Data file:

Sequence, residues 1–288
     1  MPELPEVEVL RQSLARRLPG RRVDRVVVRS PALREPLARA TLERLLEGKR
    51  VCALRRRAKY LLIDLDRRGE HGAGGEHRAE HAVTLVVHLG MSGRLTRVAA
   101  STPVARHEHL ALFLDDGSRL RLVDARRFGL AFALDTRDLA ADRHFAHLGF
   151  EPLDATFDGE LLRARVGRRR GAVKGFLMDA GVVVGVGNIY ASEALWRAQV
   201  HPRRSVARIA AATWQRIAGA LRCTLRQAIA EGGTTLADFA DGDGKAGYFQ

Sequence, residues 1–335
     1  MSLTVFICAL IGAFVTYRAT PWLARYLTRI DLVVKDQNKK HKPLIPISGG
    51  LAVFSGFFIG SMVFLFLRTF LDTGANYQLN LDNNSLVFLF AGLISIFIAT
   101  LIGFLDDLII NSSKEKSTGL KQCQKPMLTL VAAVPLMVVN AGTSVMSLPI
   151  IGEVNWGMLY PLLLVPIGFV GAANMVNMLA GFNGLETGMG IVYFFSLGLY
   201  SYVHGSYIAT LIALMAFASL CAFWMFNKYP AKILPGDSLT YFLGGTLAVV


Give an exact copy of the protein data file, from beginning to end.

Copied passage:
Sequence, residues 1–288
     1  MPELPEVEVL RQSLARRLPG RRVDRVVVRS PALREPLARA TLERLLEGKR
    51  VCALRRRAKY LLIDLDRRGE HGAGGEHRAE HAVTLVVHLG MSGRLTRVAA
   101  STPVARHEHL ALFLDDGSRL RLVDARRFGL AFALDTRDLA ADRHFAHLGF
   151  EPLDATFDGE LLRARVGRRR GAVKGFLMDA GVVVGVGNIY ASEALWRAQV
   201  HPRRSVARIA AATWQRIAGA LRCTLRQAIA EGGTTLADFA DGDGKAGYFQ

Sequence, residues 1–335
     1  MSLTVFICAL IGAFVTYRAT PWLARYLTRI DLVVKDQNKK HKPLIPISGG
    51  LAVFSGFFIG SMVFLFLRTF LDTGANYQLN LDNNSLVFLF AGLISIFIAT
   101  LIGFLDDLII NSSKEKSTGL KQCQKPMLTL VAAVPLMVVN AGTSVMSLPI
   151  IGEVNWGMLY PLLLVPIGFV GAANMVNMLA GFNGLETGMG IVYFFSLGLY
   201  SYVHGSYIAT LIALMAFASL CAFWMFNKYP AKILPGDSLT YFLGGTLAVV